The odds this motley group encounters is right out of a film script – poverty, injuries, personal tragedies, racism, and basically the absence of any kind of a supporting platform to help them achieve their goal. We travel through this journey with the group, getting an insider’s view on all the events that unfold as they dance their way to the ultimate prize
The triumph of the underdog is at the heart of ABCD 2, a thoroughly inspiring and motivational documentary on a group of under privileged dancers from Mumbai who recently participated in, and almost won, the World Hip Hop Dancing competition in Las Vegas against all odds.
The odds this motley group encounters is right out of a film script – poverty, injuries, personal tragedies, racism, and basically the absence of any kind of a supporting platform to help them achieve their goal. We travel through this journey with the group, getting an insider’s view on all the events that unfold as they dance their way to the ultimate prize. The director, Remo D’Souza, is a leading choreographer himself, and clearly identifies with his chosen subjects, such is the honesty with which he captures their trials and tribulations.
The highlight of the documentary is of course the incredible talent of the group of dancers, who call themselves the Indian Stunners. They come from modest beginnings. The film begins with quick cuts of employers, family members, and friends of these dancers, who tell us a little about their passion for dance. It is a classic documentary trick, taking us right to the emotional center of the film through a set of objective characters, but the aching honesty of what they say overcomes the cliché associated with it.
This in fact is the pattern of the film – dance performances and extravagant set pieces shot at the various stages of their progress to the world championship finale, intercut with behind the scenes footage of what actually went in these performances. This is an extremely effective editing technique – blowing us away with larger than life dance items and then keeping us engaged at an emotional level with the reality of what happened backstage. Truly, if one did not know better, this seems more like an emotionally manipulative, melodramatic big budget Bollywood film rather than a hard-hitting documentary on the struggles of performance artists in India! No wonder they say that life is stranger than fiction.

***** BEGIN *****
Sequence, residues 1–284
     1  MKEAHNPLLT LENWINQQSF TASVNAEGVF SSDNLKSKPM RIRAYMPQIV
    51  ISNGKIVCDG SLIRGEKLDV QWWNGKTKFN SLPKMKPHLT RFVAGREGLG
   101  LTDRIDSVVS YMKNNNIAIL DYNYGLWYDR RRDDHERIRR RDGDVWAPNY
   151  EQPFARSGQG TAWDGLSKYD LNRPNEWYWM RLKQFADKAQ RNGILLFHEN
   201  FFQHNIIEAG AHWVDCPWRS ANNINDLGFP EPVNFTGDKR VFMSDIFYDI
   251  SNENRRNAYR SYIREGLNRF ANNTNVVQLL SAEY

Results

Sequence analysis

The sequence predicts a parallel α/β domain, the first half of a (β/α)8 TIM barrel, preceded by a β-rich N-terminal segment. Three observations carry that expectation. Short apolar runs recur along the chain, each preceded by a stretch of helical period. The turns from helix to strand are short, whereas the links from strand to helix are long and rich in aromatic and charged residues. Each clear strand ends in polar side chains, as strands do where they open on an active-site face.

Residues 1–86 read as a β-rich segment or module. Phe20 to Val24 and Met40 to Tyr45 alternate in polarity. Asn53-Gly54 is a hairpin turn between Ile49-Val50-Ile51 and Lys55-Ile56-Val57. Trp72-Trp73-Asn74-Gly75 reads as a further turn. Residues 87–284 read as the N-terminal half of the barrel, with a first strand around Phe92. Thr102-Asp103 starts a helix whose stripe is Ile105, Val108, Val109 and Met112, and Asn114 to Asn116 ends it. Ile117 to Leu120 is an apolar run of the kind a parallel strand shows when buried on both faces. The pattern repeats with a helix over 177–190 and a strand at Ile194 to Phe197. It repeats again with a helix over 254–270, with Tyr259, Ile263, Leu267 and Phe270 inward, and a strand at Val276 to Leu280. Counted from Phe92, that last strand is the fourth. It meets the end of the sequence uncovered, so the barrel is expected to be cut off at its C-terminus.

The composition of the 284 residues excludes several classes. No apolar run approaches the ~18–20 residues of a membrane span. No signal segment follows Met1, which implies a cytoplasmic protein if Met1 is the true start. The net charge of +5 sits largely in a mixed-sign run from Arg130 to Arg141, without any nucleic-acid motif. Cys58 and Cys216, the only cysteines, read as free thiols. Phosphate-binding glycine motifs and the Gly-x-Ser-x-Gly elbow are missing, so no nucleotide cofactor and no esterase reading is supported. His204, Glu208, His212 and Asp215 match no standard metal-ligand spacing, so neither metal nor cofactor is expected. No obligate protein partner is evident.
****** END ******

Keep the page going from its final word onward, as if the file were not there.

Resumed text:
Key sub-plots integrated seamlessly into the documentary’s narrative further add to the layered story telling, and give it depth and character. There is the very non-jingoistic portrayal of patriotism and pride in our country, as the group understands what it is to represent India, culminating in a showcase of the orange, white and green colors in their final act. Subtle touches like the group touching their teacher’s feet almost go unnoticed, and are specially emphasized by the director by shooting them in super slow motion so that we don’t miss it. There is the almost filmy love triangle between the group’s two leads – Suresh and Vinnie – and the other female dancer in the group, Olive, who comes in as a replacement for Vinnie when she injures herself in a rehearsal. Especially touching is the story of Punit Pathak, a dancer who does not have speech or hearing, but can just feel the music. Not only is he differently abled, but he also has a yet unexplained affliction because of which he coughs blood, and which actually costs the group the final of the championship. Painstaking research by the director and the writers to uncover and research these realities and write them into the narrative set ABCD 2 apart from your run-of-the-mill documentaries.
In a country where we are only used to celebrating cricketing victories in sports and fashionable appearances at the Cannes in arts, ABCD 2 is an important documentary because it brings to focus international success by Indians in a field that has so far been relegated to tawdry reality shows and over-the-top Bollywood films – dancing as a performance art. One can only hope that this inspirational story finds a taker in a major production house, because it has all the makings of a blockbuster feature film production already built into it.
Hindi, Drama, Color